Whatever the OEMs do directly affects us in the independent automotive service industry, in both the near and distant future.


We at the Institute can help you dig deeper into these issues, and think strategically about your own business strategy… what are the developing implications for your service offerings, team member training, equipment investments, etc.?


Trend #2 – Baby Boomers Are Nearing The End of Their Careers


The U.S. Federal government estimates that 67% of all privately-held businesses in the U.S. are baby boomer-owned. Maybe even more in our industry.


Boomers are aged 60-78 in 2024. Many stuck around longer than they expected through Covid (big government loans helped them stay put). But time keeps moving… they’re getting older every day.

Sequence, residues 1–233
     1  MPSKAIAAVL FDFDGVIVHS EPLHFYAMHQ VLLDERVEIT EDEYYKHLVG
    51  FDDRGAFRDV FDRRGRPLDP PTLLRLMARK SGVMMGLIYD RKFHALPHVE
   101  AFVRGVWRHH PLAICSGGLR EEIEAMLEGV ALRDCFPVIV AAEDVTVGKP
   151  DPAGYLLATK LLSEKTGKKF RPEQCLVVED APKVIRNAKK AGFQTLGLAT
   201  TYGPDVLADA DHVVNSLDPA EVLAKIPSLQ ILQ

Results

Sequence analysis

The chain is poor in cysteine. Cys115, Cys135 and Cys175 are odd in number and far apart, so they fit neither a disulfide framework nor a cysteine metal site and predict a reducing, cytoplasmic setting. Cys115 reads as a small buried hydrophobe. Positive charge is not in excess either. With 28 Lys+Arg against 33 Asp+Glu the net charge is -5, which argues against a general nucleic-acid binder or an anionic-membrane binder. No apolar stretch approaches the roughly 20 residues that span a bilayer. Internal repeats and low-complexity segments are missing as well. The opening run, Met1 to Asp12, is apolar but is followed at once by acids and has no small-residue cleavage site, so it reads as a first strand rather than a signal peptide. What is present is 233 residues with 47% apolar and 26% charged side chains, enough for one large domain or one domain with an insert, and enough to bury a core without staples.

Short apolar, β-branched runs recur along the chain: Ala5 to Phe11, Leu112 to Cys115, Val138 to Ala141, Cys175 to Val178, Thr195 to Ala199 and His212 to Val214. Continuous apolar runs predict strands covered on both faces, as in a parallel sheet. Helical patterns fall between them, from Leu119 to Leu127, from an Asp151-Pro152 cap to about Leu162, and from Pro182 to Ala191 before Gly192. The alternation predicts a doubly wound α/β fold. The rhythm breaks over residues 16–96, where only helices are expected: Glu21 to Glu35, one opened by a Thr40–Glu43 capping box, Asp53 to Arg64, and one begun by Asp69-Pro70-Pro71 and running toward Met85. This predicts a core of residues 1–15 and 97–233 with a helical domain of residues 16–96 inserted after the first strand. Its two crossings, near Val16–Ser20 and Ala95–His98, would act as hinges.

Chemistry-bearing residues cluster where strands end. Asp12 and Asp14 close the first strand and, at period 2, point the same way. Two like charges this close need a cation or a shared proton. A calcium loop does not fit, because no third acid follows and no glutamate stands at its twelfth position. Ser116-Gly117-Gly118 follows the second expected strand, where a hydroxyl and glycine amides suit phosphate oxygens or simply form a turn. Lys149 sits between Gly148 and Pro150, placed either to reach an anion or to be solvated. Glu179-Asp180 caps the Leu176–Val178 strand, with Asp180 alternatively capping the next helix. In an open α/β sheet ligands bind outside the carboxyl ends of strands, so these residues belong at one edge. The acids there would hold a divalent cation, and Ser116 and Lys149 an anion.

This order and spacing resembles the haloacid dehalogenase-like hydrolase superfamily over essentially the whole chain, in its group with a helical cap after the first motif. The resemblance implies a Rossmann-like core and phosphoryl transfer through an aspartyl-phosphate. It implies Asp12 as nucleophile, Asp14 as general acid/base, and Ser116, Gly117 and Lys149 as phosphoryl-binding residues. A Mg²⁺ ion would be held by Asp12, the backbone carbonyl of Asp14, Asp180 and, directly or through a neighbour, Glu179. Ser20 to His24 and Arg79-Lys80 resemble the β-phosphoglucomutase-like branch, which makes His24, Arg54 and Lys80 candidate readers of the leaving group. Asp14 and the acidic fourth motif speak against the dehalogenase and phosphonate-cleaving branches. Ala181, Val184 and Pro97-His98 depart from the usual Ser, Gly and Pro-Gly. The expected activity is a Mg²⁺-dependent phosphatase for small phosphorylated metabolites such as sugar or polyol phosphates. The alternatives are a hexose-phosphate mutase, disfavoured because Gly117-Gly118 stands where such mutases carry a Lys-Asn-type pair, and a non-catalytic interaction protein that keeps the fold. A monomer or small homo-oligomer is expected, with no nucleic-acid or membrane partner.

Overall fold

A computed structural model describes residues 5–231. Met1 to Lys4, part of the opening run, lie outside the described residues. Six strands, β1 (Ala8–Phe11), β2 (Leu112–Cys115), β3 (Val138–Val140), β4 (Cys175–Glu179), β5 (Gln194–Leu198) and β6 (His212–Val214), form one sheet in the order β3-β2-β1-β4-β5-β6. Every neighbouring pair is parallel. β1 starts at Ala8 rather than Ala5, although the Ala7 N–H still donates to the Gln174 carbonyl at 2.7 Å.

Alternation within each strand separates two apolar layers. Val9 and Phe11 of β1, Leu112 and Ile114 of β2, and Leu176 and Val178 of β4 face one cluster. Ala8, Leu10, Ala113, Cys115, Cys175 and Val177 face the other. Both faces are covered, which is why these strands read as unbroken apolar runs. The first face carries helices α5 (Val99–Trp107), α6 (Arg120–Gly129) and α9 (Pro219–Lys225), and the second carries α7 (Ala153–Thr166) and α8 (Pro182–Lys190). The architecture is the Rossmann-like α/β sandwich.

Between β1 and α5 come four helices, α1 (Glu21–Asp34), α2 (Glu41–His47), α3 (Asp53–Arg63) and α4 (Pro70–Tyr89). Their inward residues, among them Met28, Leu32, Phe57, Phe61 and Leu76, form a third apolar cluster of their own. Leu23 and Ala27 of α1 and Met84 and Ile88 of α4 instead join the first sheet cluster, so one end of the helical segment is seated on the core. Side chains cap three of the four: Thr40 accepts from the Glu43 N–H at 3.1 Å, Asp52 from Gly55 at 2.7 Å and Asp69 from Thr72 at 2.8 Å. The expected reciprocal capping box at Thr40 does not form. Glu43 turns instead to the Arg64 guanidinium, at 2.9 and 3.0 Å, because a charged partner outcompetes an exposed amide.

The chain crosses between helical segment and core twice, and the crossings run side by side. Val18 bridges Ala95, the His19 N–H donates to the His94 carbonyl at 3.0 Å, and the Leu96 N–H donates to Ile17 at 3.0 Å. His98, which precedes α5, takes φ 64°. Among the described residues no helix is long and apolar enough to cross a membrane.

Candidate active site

Sadly, investment experts estimate that as many as 80-85% of Boomers’ companies are not valuable enough to invest in. In other words, the owners used them like cash machines and failed to build investment-grade companies worthy of resale.


Most owners have the majority of their wealth tied up in their company. And 75% of owners regret exiting their business within 12 months of leaving, because of the poor way they handled the sale and transition to retirement.


You surely don’t want to have this experience yourself. We at the Institute would like to help you to strategize your best approach to achieve your unique succession and exit objectives.


Trend #3 – Big Money Investors are Here


Our industry is in the investment community’s mind now and in its sights.